In discussions with our business owner and executive clients, we are always surprised to learn how many do not have a formal retirement plan. It appears they’re not alone: a 2011 survey by the Employee Benefit Research Institute suggests that only 42 percent of Americans have created a retirement plan that takes into account how much money they will need to have saved by the time they retire.
Even if you have already created your retirement plan, it never hurts to review it to be sure you’re on track. Below are the five key steps to building a retirement plan. Most investment firms and many financial planners have simulation programs that can help with this process. I personally use Fidelity’s retirement planner, but most firms have similar products.
Step 1: Determine how long you want to plan for. Personally, I use 100 as my target age because I really don’t want to run out of funds if I live too long.
Step 2: Calculate how much money you will need in retirement. We suggest splitting expenses into three areas:
- Fixed costs: Expenses that are essential to day-to-day living, such as food, utilities, rent/housing costs, loan payments, etc.
- Discretionary expenses: The items that you could do without but would prefer to be able to enjoy. Such costs would include vacations, eating out, travel, second homes, contributions, and gifts.
- Healthcare costs: Decide whether you feel comfortable relying on Medicare or should consider supplemental health insurance. You may also want to consider long-term care insurance.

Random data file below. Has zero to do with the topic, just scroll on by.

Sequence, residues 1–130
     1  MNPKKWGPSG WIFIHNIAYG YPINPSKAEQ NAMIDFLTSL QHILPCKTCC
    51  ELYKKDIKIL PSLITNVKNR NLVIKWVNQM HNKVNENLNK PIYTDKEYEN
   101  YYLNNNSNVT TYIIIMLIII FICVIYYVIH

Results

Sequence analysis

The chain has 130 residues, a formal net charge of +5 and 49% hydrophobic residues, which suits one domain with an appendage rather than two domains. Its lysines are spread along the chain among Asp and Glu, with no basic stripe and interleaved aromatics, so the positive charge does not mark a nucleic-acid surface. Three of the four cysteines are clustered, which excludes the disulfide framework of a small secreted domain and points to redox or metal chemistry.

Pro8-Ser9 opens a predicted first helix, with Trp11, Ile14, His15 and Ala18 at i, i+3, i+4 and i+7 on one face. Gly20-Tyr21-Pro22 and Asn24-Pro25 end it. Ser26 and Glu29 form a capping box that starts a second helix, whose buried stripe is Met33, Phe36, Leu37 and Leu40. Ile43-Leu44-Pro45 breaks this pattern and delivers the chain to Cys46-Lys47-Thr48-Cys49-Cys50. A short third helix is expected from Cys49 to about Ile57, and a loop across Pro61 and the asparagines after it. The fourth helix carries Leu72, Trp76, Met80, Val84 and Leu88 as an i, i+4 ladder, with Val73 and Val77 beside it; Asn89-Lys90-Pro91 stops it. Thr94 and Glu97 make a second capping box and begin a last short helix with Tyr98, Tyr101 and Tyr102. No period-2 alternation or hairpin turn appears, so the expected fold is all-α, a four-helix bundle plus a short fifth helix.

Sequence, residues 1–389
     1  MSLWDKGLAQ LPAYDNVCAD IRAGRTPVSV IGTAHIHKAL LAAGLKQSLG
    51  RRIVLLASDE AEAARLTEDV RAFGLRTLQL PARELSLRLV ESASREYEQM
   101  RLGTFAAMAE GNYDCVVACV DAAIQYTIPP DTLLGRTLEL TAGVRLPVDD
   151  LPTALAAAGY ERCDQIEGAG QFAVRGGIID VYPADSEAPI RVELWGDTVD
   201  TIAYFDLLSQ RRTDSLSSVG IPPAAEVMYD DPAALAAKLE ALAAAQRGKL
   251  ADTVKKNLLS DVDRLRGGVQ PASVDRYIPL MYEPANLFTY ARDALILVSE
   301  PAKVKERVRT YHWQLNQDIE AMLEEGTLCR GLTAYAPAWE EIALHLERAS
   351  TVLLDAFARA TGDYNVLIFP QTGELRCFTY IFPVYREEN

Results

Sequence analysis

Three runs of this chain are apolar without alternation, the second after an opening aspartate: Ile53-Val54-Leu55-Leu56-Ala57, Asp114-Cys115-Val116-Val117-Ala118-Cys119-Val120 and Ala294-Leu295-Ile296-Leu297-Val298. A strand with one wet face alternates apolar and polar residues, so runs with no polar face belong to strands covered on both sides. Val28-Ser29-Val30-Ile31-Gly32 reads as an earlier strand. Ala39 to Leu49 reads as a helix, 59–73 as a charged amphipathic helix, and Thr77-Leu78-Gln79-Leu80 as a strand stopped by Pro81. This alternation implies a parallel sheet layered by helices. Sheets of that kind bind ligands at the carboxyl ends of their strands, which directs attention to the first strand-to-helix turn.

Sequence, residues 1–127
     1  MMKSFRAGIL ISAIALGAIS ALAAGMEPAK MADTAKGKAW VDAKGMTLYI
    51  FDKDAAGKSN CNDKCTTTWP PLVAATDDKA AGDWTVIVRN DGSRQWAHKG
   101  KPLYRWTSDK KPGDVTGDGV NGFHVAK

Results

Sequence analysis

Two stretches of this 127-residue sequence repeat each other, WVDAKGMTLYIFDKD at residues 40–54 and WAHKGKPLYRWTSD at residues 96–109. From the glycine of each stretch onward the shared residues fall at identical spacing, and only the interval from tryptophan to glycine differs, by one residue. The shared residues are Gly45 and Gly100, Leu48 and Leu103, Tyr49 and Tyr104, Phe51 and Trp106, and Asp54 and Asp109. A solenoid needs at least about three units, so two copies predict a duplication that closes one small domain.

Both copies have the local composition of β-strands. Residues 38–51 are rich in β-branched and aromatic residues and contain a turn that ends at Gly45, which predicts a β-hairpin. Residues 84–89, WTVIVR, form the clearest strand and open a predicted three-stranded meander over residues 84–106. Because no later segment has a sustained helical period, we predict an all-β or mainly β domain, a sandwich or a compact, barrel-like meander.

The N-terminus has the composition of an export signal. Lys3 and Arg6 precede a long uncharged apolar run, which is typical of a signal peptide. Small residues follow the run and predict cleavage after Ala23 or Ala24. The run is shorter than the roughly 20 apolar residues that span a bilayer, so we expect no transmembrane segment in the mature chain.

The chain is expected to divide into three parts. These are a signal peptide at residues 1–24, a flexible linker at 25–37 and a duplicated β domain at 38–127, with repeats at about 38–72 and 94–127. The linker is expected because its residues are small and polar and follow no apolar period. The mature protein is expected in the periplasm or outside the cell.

Step 3: Compute how much money you've already saved for retirement. Remember to include your retirement accounts and your Social Security benefit. Note that most planners will advise you to defer your Social Security benefit to maximize the proceeds. If you plan to downsize your home or sell investment properties, include these amounts as well.
Step 4: Review how much you are currently saving for retirement and when you intend to retire. Some retirement planning tools will ask you to estimate an average annual return on your investments. Most that I have seen suggest using 4 percent (or put another way, you will need investments of about 25 times your annual spending needs at retirement). You may also be asked to estimate your tax rate in retirement, although some planning tools will automatically assume a tax rate.
Step 5: After you run the plan, see if you need to make any adjustments. These may include saving more for retirement, cutting your planned costs in retirement, or working longer. The younger you are, the easier it will be to make these adjustments and the greater the impact they will have.
I don’t know anyone who really enjoys going through this exercise. But spending some time now to do a little planning could be invaluable in your retirement years.
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